# Why do we draw a normal between the reflected ray and the incident ray? What does a normal represents??

Feb 23, 2017 Refer to the figure above. A ray of light is incident on a totally reflecting surface (mirror) at a certain point.

This point is called point of incidence.

If we draw a line which is perpendicular to the reflecting surface at the point of incidence, this line is called the normal.

As such it is an imaginary line perpendicular to the surface reflecting the light.

Angle between the incident ray and the normal is called angle of incidence. Shown as $\angle \theta$.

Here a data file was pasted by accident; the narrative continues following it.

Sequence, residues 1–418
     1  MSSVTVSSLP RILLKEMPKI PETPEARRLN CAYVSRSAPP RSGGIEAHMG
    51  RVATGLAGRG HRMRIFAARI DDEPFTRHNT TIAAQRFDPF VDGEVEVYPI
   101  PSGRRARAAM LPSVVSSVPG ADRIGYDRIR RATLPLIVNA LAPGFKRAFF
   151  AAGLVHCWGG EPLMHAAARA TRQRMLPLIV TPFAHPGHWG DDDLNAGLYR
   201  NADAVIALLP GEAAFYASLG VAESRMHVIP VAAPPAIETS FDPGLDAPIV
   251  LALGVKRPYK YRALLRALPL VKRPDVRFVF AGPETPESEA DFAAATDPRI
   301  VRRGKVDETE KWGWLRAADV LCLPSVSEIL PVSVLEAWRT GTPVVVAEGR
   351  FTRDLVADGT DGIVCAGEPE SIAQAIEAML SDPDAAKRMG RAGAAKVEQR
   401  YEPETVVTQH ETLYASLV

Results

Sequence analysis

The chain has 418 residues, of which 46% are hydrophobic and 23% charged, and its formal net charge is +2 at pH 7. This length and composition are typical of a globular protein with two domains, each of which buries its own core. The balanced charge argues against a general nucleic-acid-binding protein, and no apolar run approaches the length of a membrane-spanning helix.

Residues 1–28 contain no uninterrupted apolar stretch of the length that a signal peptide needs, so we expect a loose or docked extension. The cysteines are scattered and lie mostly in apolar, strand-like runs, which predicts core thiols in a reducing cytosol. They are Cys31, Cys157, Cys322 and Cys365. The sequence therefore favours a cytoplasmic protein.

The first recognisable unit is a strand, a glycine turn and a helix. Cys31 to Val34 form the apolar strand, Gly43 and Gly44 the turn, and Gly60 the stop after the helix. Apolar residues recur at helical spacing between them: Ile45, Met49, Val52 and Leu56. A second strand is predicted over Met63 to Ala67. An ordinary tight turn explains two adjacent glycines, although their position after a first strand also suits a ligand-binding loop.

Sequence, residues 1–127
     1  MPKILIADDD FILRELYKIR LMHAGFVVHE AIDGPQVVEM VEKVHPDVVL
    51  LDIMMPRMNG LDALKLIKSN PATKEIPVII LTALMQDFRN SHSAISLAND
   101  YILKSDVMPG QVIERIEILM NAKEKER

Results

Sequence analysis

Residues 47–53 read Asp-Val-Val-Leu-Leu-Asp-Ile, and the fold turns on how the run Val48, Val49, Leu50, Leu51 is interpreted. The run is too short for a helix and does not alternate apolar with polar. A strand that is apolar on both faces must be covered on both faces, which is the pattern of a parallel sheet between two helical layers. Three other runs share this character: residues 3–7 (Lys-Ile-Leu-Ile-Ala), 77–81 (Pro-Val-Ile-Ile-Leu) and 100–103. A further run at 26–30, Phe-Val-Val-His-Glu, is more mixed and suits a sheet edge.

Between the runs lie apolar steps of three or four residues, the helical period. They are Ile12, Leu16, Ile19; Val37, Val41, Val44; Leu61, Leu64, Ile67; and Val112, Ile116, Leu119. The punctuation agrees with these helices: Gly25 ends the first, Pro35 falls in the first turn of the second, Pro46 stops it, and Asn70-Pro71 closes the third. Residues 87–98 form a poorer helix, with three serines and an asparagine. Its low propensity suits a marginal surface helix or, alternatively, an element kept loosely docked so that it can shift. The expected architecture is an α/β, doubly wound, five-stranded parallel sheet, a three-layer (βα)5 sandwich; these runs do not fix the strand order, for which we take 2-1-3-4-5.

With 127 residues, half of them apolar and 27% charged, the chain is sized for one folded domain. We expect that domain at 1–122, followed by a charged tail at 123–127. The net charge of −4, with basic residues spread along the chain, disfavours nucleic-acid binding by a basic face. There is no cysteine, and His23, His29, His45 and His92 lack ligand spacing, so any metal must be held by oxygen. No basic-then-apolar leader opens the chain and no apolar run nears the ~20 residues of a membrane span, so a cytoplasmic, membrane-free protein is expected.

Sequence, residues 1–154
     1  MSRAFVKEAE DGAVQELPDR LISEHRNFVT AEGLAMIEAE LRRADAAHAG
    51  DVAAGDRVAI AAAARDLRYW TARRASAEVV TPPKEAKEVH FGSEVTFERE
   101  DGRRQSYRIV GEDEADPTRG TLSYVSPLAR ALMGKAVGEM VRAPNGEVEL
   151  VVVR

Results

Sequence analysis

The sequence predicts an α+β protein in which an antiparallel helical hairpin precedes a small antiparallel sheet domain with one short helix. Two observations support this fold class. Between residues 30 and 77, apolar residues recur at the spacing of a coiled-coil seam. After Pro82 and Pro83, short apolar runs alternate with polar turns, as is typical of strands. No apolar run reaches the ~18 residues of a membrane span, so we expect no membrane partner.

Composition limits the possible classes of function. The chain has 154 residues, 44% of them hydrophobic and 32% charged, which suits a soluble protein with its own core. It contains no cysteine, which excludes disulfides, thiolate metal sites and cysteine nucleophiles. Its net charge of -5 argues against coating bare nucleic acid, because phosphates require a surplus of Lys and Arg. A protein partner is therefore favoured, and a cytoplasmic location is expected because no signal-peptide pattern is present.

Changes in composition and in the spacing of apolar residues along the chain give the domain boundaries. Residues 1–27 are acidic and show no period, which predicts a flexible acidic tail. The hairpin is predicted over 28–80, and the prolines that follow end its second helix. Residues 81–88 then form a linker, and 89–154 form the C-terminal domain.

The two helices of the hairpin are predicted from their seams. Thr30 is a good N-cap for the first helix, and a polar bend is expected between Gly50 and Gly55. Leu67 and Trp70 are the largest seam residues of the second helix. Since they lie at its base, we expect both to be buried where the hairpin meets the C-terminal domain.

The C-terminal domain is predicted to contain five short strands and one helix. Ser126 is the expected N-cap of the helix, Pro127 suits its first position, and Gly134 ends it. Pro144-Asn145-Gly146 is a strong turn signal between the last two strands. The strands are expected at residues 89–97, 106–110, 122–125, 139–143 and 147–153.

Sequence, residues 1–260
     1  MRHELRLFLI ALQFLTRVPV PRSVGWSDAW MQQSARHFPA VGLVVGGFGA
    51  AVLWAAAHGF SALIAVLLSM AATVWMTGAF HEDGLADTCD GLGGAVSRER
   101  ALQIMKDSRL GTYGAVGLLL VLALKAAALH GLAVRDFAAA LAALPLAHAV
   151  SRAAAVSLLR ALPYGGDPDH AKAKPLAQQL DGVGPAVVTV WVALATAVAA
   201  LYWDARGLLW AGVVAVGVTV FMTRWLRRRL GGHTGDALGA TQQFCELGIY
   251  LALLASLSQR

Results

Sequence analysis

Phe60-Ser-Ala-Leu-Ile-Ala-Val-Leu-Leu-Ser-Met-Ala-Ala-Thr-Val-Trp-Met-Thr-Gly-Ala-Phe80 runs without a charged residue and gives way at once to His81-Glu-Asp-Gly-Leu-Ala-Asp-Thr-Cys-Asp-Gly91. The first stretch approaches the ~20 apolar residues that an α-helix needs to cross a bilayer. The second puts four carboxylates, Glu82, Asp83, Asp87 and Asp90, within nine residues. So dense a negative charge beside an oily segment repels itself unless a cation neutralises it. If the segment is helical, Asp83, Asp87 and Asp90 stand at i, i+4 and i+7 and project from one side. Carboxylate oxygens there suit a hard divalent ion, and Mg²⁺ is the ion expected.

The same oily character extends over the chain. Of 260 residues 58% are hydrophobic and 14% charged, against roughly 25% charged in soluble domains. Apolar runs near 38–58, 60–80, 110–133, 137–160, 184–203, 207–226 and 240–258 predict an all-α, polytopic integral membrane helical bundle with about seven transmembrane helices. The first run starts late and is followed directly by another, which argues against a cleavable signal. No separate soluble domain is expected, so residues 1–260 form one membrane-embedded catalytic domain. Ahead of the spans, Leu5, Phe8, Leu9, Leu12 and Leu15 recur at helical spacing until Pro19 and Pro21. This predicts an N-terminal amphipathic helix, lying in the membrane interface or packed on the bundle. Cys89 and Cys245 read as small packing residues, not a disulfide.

Angle between the reflected ray and the normal is called angle of reflection. Shown as $\angle \theta '$

The law of reflection states that when a ray of light is reflected off a surface, the angle of incidence is equal to the angle of reflection.

$\angle \theta = \angle \theta '$

For a curved mirror as in the figure below A tangent is drawn at the point of incidence, and normal is drawn to the tangent.